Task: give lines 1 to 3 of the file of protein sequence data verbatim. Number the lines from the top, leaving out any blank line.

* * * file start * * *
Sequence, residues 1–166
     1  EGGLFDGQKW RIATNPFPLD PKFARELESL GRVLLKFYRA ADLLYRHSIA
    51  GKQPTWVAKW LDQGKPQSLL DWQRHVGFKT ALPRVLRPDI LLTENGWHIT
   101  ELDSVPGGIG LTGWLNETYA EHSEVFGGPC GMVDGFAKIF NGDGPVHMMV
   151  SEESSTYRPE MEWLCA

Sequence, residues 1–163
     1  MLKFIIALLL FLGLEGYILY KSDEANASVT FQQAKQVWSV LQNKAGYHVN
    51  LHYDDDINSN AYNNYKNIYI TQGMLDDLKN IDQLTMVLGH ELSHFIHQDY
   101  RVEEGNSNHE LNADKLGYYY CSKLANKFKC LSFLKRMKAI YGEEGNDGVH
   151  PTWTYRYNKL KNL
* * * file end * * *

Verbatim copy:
Sequence, residues 1–166
     1  EGGLFDGQKW RIATNPFPLD PKFARELESL GRVLLKFYRA ADLLYRHSIA
    51  GKQPTWVAKW LDQGKPQSLL DWQRHVGFKT ALPRVLRPDI LLTENGWHIT